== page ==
Sea Horse

Severe Gale
Stranding Of Two Vessels At South Shields
Brave Conduct Of The Lifeboatmen And Volunteer Life Brigade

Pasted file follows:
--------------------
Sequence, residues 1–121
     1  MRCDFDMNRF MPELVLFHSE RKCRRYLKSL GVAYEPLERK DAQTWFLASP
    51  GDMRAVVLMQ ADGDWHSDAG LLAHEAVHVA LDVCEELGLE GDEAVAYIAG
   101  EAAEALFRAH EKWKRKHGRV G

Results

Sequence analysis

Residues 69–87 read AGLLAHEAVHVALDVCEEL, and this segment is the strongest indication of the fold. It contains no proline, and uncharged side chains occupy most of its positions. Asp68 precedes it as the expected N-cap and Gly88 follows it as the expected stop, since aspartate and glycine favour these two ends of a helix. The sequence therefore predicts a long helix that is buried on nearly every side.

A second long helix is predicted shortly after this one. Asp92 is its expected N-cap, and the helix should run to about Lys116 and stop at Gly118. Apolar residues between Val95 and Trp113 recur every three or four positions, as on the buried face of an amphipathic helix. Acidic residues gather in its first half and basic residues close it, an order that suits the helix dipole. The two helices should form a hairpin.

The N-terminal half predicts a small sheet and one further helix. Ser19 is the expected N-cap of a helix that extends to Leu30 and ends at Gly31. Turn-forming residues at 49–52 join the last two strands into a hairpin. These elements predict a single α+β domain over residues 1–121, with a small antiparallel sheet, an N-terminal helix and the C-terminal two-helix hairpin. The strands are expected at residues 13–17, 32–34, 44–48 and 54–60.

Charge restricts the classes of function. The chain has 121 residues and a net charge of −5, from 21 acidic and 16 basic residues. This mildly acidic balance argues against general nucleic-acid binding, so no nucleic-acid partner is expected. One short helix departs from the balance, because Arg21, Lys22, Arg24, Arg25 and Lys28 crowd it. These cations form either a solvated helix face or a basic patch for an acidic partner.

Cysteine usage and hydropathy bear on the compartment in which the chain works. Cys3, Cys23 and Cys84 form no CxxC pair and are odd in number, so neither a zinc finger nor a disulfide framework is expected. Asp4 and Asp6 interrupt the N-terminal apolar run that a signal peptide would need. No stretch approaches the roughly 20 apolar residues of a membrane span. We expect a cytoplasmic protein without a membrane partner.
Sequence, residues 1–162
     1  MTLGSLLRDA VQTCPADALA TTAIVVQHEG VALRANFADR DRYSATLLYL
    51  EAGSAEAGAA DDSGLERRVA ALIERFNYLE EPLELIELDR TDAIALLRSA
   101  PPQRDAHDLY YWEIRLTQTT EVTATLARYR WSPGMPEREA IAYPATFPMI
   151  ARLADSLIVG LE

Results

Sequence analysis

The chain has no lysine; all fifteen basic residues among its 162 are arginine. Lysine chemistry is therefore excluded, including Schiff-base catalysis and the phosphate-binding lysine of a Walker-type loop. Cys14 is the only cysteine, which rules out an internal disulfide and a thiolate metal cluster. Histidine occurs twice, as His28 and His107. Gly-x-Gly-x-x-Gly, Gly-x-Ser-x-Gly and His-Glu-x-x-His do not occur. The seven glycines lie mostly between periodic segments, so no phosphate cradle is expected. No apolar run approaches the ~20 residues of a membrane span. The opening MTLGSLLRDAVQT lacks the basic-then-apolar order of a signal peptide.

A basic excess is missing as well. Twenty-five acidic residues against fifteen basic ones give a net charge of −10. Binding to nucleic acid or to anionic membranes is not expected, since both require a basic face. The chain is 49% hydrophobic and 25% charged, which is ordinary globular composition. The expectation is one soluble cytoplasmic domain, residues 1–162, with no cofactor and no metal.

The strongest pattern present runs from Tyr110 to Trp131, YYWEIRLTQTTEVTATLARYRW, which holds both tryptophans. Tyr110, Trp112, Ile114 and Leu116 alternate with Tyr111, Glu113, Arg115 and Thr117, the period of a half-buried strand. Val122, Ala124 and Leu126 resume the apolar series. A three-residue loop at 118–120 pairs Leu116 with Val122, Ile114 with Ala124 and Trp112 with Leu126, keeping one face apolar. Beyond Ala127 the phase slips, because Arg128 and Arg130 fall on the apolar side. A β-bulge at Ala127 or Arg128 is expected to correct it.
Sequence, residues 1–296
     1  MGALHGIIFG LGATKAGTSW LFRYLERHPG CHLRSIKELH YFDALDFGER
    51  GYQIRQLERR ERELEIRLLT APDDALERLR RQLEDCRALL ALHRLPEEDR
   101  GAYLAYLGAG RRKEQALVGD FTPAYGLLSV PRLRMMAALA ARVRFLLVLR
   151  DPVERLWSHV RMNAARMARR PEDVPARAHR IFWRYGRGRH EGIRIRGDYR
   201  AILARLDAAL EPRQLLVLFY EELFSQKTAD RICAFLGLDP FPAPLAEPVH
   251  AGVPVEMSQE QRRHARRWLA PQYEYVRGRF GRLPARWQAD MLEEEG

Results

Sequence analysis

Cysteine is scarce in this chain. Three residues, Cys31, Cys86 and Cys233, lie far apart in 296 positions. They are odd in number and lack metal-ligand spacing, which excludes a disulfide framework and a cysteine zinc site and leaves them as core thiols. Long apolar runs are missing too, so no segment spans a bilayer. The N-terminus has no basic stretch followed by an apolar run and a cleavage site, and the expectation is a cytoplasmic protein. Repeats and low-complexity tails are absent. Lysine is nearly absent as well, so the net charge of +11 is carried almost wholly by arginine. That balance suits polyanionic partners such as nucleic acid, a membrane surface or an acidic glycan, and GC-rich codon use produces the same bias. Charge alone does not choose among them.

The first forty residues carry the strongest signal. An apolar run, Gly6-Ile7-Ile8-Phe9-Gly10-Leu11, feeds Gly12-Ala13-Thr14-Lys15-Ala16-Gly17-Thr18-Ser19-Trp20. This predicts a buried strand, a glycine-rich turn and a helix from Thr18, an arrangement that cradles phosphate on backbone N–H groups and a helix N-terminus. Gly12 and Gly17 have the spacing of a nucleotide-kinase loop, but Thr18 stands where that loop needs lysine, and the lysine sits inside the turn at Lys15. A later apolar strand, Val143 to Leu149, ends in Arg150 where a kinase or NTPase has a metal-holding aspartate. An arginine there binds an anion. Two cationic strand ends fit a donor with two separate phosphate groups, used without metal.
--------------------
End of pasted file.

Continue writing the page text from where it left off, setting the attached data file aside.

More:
About half-past seven o'clock on Saturday evening, a fearful gale from the N.N.E., accompanied by torrents rain, swept over the North- East Coast, doing, will be learned from the subjoined reports,  an immense amount of damage to  shipping and other property. The sky during the whole Saturday bore a somewhat threatening aspect, and from lowness the barometer a storm of some kind was looked for, to a certain extent, at least. At the hour above-mentioned, or as near that time possible, the wind, which had been blowing fresh for some hours previous, increased to a gale from the N.N.E. and N.E. and by N. The sea had been pretty stormy all day, but as the night advanced it began to get more tempestuous, and considerable anxiety was felt for the safety of vessels which were known to have left the Tyne that day. In case of any casualty occurring, the members of the South Shields Volunteer Life Brigade assembled at the Watch House on the South Pier in large numbers, and, unfortunately, their services were brought into operation a short time after the gale came away. Sometime before darkening, a pilot coble, manned by Wm. Young, Lancelot Burn, and James Stevenson (lad), proceeded to sea for the purpose of looking for ships, and while following that vocation were caught in the gale little to the south of the South Pier. After struggling about sometime, the gale became so furious that the occupants of the boat were compelled to run her on the beach, where, fortunately, with the assistance of the members of the Brigade, they were landed in safety, as also the boat, which was carried clear of all danger. On Saturday, at noon, the brig Sea Horse, Captain Wilson, left the Tyne, coal laden, for Aberdeen, to which port, we understand, she belongs, and is owned by a Mr Maitland there. Nothing particular appears to have occurred until within a short distance of the Coquet, at which they were caught in the gale. The captain, not feeling justified in venturing further, the aspect of affairs looking very unfavourable, gave orders to return to the Tyne, but in doing so the greatest difficulty was experienced, the gale increasing in severity almost every moment. Shortly after nine o'clock, however, the mouth of the Tyne was reached, and she was at once observed by the members of the Brigade and others, who were on the look-out. There was a fearfully heavy sea on the bar by this time, and had been for some considerable time previous, and the wind blew a perfect hurricane from the N.N.E. The Sea Horse succeeded in rounding the North Pier, and it was at one time thought she would run into the harbour in safety, but suddenly a tremendous sea struck her astern, carrying away her rudder and steering apparatus. By this accident the vessel was placed at the mercy of the storm, and the lives of the crew, to a certain extent, jeopardized. The anchors were let go, but the wind was blowing so hard, and the sea was running strong, that they were unsuccessful in staying the progress of the vessel. The crew soon gave signals of distress, which were instantly taken up by the members of the Life Brigade. A signal was put up at the South Pier, which was answered by the firing of three guns from Tynemouth Battery, and repeated by three more from the Castor. In a very short space of time, the Tyne and Providence lifeboats, of South Shields, and the Northumberland, of North Shields, were manned and their way to the distressed vessel. The Sea Horse during the whole of this time was being buffeted and knocked about in all directions, she having parted her anchors, and every moment she was expected to run ashore. Attempts were made several steamboats, which had been attracted to the scene by the signal guns, to save the vessel, but the gale was blowing so furious that all their efforts were frustrated. Ultimately, the brig stranded at or near the jetty which is erected to the north of the South Pier. The sea still continued to roll very high, and the wind had not moderated in the least degree. The greatest caution had, therefore, had to be exercised by the crews of the lifeboats in approaching the stranded vessel. After several ineffectual attempts, the Tyne, amidst the hearty cheers of those assembled on the pier, succeeded getting hold of the vessel with the grappling iron, the crew—7 number, including the captain—seeing there was danger in staying on board the ship any longer, sprang into the lifeboat, and were landed at the lifeboat station house at South Shields, where warm clothing, stimulants, and provisions were provided for them. The abandoned vessel subsequently drifted close by the pier up to the brigade house. Upon it becoming known the crew had been rescued, the people who had congregated on the pier, stiffened and cold with the spray which had been splashing about them for two or three hours, began to turn their faces homewards, thinking, perhaps, that all was over, and congratulating themselves that so far no lives had been lost.